March 28-29, 2014
In the morning, we packed up and I tried as hard as I could to convince Scott to walk further into the park to try to find ‘the chicken’. He wasn’t interested. We started heading towards the entrance and it seemed much longer and more difficult than coming in.
My shoes were filling up with sand, so I took them off and walked barefoot on the hot ground. Scott was able to ride a few sections, but I find it more tiring to get on and off the bike, so I just kept pushing. Only about six kilometers to the entrance, we were in need of a break when we got there.
We rested in the shade under a rock formation and Scott wrote his name with little black pebbles. Farafra was only 35 kilometers away and if we hurried, we could arrive around lunch time.
Just after the police checkpoint at the beginning of the town there was a museum. We had lots of time so we stopped to check it out. The caretakers had to open it just for us as there weren’t a lot of tourists these days. Sponsored by an Italian organization, the small exposition told about the history and life of the desert. Just before leaving the caretakers offered us mint tea.
We had to find somewhere to sleep. There was a nice looking place next to the museum, but it appeared to be abandoned. Besides this one, it appeared there were only four other hotels in town. It was early so we visited all of them. Two were resorts and far out of our price range, even when the dropped their prices a little bit. One, although it was cheap, was a real dive.
The last one was a new and welcoming family-run place. The owner told us they’d just opened the hotel because they wanted to get their tour company into the guidebooks. The company was founded by his father and they’d been working in the White Desert for decades, but without a hotel, it was difficult to get listed in the guidebooks. Anyway, the price included breakfast and we were sold.
Our phone started ringing and when we saw that it was the police from the checkpoint at the White Desert, we decided not to answer. Communicating face to face when neither of you speaks the other’s language is difficult, but it’s nearly impossible over the phone. We learned later on that Nico and Julia had just arrived there. The policemen were so excited about this news that they wanted to share it with us!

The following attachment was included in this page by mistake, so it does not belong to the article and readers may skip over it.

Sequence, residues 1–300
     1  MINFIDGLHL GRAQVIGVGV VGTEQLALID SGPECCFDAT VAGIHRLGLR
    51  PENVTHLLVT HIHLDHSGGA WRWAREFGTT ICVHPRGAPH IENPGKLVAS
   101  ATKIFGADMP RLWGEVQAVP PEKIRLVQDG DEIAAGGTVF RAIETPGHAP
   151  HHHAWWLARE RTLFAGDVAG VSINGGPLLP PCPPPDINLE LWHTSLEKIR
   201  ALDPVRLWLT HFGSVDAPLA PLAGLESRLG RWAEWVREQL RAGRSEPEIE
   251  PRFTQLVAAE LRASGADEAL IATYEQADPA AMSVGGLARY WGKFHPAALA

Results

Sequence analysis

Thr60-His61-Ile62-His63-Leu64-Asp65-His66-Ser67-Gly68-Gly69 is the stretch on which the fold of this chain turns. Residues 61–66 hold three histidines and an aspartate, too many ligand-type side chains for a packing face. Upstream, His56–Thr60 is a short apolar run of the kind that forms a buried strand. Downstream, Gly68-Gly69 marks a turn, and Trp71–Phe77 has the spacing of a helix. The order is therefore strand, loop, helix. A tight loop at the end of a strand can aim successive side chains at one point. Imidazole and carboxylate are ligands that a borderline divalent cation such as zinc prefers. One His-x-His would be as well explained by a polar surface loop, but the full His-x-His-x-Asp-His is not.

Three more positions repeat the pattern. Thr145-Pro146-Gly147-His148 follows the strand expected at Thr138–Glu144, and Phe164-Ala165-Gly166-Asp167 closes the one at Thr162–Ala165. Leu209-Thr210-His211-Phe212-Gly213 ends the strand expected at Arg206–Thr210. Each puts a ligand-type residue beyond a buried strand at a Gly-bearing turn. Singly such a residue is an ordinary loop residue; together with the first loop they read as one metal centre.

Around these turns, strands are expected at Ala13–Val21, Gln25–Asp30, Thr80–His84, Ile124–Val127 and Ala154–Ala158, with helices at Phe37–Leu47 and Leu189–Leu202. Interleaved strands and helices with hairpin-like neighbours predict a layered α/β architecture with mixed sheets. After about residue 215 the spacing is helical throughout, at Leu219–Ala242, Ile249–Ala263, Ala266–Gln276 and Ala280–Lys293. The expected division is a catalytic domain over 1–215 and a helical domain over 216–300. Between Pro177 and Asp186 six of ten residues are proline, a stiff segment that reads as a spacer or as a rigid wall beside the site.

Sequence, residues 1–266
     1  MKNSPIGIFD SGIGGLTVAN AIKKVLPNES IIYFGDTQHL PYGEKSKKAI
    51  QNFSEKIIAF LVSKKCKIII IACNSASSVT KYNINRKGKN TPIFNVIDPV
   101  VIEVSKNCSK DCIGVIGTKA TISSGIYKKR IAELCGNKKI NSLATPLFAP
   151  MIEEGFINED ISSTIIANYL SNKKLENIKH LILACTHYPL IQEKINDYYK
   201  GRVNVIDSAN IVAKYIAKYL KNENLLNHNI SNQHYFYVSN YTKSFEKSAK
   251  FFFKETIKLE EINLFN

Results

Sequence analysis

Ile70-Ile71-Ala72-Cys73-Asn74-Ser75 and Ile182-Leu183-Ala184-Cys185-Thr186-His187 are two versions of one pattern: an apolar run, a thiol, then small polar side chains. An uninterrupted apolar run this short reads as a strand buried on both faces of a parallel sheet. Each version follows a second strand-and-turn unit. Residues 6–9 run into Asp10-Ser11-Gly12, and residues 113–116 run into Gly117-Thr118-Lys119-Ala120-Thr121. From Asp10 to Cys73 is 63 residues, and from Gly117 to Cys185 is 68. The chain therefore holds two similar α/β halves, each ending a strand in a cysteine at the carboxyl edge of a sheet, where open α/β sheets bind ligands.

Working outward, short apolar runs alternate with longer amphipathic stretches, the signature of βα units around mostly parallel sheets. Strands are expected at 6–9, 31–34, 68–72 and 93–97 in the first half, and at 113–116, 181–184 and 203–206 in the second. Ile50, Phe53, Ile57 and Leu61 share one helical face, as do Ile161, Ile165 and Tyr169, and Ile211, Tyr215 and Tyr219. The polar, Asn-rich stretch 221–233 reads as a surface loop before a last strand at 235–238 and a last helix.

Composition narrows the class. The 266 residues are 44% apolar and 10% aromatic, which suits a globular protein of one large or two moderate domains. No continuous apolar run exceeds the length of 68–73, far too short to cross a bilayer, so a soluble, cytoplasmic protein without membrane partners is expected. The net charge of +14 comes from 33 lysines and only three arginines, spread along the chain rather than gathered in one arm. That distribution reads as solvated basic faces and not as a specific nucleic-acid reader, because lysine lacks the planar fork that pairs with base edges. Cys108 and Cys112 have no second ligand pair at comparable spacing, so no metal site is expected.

Farafra is a much smaller town than Bawiti. In fact, Bawiti was an oasis composed of a few towns. In Farafra there was the main road and not much else. It is famous for a local artist who opened up a museum to show his art. We hoped to visit it the next day.
We enjoyed falafel for dinner that night. The restaurant was a tiny spot with enough space for three tables, a counter and a falafel grinder. The falafel patties were handformed by a man who took a lot of pride and care in making his product. They were fried fresh and served with pickles, bread, salad, fried eggplant and foul. All of this for only a few pounds. We ate until we were stuffed, every time we finished a plate, we were offered more.
We’d already planned to stay the next day in town, but when we recieved a message from Nico and Julia saying that they were only a few kilometers away, it was a done deal. We had a lazy breakfast while waiting for them to arrive.
We were expecting a simple breakfast of foul, bread and maybe some jam. A huge metal tray was brought out, covered in various dishes and more arrived from the kitchen window. There was foul and bread, but also halva–a sesame sweet, cheese plates, jam, fresh fruits and vegetables. It was a true feast and we stuffed ourselves.
That day we’d hoped to visit the museum in town, but when Nico and Julia arrived we got so busy talking to them that the day quickly passed. We agreed that we’d leave together the next morning. How exciting to have new riding partners again!
As we were telling them about needing a new stove, the hotel owners overheard us. Kindly, they offered us an old gas stove they had with a refillable cannister. It was a little broken, but if we were interested, they offered to fix it for us. Well, it would have been a nice solution except it was a big as one of our panniers and twice as heavy. We couldn’t imagine riding around with this strapped to our bikes. We thanked them, but politely declined.
We took Nico and Julia out to the same falafel place for dinner that night. They were just as impressed as we’d been.
March 28-29, 2014: 62.67 km (Total km: 8426.06 km)